Getting Started

For a comprehensive introduction to Vega-Lite, please visit the its web site. An interactive tutorial to vegawidget is available at

Vega(-Lite) specifications are just text, formatted as JSON. However, in R, we can use lists to build specifications:


spec_mtcars <-
    `$schema` = vega_schema(), # specifies Vega-Lite
    description = "An mtcars example.",
    data = list(values = mtcars),
    mark = "point",
    encoding = list(
      x = list(field = "wt", type = "quantitative"),
      y = list(field = "mpg", type = "quantitative"),
      color = list(field = "cyl", type = "nominal")
  ) %>% 

The as_vegaspec() function is used to turn the list into a vegaspec; many of this package’s functions are built to support, and render, vegaspecs:


This package is a low-level interface to Vega-Lite and the Vega ecosystem, which has a lot of powerful capabilities, highlighted in this series of articles:

To share your Vega(-Lite) creation on the Blocks website, you can use the vegablock package.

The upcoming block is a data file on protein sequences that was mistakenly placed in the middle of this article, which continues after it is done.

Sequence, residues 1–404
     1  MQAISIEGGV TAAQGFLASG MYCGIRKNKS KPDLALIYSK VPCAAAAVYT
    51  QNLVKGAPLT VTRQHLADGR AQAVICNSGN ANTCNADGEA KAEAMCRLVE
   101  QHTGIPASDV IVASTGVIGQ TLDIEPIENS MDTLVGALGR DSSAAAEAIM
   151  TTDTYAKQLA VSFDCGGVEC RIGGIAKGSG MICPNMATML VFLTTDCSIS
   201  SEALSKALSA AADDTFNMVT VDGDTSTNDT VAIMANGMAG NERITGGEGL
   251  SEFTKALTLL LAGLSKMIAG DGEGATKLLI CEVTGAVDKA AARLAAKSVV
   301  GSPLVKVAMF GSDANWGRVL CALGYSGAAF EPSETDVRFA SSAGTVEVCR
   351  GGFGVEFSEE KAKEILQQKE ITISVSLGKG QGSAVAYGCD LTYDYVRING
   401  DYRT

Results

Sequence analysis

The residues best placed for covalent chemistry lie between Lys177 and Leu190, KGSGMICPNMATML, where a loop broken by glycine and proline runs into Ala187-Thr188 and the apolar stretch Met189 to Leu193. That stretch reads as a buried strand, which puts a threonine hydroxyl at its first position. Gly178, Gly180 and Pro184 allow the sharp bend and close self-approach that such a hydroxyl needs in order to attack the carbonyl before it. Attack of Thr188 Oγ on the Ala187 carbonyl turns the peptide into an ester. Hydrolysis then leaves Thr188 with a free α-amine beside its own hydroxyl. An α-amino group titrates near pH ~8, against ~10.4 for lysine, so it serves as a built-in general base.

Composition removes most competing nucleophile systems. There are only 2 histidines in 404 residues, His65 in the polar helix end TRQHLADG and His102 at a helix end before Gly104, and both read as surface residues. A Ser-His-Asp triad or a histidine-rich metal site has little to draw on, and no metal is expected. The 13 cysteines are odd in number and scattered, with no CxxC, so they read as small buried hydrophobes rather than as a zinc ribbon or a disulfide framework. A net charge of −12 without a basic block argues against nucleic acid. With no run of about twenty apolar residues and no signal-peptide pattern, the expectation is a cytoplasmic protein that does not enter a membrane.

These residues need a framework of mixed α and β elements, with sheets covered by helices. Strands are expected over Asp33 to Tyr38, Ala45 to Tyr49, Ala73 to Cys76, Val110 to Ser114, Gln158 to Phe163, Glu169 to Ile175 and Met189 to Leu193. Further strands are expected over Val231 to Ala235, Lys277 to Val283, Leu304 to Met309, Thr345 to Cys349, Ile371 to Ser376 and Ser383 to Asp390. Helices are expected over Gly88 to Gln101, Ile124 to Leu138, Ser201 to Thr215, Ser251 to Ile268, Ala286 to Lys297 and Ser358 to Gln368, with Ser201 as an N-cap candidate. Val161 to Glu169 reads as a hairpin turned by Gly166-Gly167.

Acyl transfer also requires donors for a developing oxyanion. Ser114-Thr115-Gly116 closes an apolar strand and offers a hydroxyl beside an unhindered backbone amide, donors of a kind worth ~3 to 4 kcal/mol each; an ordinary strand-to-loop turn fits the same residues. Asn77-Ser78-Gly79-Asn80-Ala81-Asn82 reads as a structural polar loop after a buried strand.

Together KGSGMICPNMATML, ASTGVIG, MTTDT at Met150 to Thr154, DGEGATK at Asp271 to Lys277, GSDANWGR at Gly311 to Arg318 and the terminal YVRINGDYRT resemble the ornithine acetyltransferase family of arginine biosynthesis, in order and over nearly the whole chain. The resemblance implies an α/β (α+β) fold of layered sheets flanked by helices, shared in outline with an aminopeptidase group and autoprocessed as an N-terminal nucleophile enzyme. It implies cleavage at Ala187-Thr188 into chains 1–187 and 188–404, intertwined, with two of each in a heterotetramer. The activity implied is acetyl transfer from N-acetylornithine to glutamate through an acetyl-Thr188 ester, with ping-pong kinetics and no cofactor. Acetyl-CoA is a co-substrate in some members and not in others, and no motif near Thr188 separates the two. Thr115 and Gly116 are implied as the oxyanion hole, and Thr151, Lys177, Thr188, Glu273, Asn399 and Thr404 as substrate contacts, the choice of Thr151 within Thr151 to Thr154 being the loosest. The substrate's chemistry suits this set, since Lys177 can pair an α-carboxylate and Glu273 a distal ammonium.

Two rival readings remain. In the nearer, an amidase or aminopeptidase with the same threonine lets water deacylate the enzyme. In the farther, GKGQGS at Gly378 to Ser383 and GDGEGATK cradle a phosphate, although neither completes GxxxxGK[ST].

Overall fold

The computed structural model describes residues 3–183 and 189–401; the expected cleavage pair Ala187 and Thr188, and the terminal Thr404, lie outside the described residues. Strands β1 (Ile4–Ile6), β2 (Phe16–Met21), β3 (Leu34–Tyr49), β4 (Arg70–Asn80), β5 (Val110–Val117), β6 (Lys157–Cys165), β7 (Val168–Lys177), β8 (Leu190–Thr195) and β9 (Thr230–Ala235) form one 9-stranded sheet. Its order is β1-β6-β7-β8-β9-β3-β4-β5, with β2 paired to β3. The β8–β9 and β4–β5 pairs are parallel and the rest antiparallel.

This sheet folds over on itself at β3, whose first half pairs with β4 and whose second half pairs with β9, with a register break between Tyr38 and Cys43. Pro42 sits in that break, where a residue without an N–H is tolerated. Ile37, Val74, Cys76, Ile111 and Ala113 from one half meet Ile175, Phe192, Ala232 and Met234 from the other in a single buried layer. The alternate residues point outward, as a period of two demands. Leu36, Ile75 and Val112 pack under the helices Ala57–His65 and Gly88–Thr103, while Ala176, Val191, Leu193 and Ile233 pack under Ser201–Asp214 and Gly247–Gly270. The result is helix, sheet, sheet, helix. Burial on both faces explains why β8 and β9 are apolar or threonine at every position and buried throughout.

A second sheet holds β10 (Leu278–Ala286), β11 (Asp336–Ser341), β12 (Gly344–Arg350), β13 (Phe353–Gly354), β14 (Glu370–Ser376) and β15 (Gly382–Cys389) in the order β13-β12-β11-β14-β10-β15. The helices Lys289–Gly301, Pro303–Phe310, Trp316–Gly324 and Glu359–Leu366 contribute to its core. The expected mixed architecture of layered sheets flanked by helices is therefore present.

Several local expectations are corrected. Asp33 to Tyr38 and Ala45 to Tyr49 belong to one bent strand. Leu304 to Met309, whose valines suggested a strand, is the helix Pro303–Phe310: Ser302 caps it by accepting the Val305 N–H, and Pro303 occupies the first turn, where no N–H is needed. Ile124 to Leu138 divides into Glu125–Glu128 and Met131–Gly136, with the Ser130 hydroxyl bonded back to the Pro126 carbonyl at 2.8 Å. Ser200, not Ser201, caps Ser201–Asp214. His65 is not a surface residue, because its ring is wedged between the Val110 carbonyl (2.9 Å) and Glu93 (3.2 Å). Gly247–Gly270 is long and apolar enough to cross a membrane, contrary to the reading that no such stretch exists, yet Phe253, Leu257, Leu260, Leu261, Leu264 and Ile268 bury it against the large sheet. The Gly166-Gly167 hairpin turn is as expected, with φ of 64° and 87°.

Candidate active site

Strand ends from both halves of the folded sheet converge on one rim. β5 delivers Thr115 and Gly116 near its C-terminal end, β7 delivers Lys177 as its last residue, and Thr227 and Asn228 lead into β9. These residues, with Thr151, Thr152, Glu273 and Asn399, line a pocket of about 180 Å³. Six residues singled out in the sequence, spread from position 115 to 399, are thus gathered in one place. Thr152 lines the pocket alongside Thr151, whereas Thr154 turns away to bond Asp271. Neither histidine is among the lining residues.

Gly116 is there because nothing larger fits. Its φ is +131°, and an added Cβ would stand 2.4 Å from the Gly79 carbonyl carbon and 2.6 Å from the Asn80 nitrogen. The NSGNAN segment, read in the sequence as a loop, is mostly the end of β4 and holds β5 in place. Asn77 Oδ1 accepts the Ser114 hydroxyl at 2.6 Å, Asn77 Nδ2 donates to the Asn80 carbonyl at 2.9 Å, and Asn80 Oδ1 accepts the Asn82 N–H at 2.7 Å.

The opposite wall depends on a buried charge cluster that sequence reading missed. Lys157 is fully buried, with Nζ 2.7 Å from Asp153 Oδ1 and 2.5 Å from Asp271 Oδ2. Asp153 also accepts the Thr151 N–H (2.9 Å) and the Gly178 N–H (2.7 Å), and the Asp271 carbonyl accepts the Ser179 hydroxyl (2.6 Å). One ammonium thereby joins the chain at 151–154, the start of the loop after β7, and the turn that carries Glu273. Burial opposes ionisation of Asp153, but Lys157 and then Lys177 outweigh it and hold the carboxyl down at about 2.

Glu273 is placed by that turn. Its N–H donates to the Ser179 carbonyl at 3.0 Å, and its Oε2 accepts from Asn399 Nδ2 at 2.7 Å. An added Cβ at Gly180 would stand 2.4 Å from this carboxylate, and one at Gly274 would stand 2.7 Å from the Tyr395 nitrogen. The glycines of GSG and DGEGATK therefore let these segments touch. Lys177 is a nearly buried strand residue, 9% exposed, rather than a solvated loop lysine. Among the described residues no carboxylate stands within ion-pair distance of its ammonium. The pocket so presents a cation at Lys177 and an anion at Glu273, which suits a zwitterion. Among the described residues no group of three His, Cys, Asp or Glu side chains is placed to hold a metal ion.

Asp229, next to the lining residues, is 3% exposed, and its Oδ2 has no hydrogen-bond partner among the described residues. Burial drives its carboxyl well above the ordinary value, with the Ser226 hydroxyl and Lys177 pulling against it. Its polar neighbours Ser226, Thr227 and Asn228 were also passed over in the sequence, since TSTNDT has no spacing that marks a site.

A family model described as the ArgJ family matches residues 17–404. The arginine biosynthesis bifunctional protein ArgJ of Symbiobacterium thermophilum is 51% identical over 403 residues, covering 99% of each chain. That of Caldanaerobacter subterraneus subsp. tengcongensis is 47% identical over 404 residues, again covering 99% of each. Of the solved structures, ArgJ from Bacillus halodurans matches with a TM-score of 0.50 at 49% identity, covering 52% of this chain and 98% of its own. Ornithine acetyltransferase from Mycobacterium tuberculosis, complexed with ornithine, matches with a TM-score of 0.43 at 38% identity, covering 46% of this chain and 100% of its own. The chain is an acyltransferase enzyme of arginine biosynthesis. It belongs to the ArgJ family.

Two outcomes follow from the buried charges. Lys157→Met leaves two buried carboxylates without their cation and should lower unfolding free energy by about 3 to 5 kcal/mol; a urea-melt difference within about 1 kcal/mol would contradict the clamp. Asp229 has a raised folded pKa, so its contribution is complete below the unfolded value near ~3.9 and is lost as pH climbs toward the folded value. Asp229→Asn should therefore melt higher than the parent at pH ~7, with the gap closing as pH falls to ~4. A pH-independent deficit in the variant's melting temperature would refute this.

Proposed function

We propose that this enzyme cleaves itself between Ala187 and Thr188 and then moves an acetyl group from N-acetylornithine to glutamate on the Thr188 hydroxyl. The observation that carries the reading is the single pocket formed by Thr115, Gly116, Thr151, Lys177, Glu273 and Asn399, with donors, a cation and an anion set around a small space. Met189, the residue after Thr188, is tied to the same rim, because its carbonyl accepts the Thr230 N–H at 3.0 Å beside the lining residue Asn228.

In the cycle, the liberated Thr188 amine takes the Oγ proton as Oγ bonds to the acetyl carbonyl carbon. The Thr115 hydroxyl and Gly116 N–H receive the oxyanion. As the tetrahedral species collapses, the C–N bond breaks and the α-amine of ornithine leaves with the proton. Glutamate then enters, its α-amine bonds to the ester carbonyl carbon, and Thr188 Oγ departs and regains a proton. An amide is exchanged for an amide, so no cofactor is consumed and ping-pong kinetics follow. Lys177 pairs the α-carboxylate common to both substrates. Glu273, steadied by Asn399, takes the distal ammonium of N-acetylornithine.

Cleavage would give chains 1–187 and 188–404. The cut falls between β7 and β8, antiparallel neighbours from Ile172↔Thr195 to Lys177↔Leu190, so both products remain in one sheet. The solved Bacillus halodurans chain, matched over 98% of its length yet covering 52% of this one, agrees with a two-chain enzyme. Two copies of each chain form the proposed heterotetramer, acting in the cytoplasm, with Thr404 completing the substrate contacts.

Integration with other packages

Although there is an article dedicated to this aspect of the package, it warrants further emphasis.

This package provides functions to render Vega(-Lite) specifications; although it provides some helpers, it does not provide higher-level functions to build specifications. Rather, this is left to other packages. Even though you can use its functions directly, you are invited to import and re-export them for use in your package.

Accordingly, this package offers a templating function, use_vegawidget(), to help you integrate vegawidget functions into your package. For example, it is used to import and re-export vegawidget functions for the altair package.

Known limitations

The two biggest known limitations are both associated with vegaspecs that contain datasets specified using remote URLs: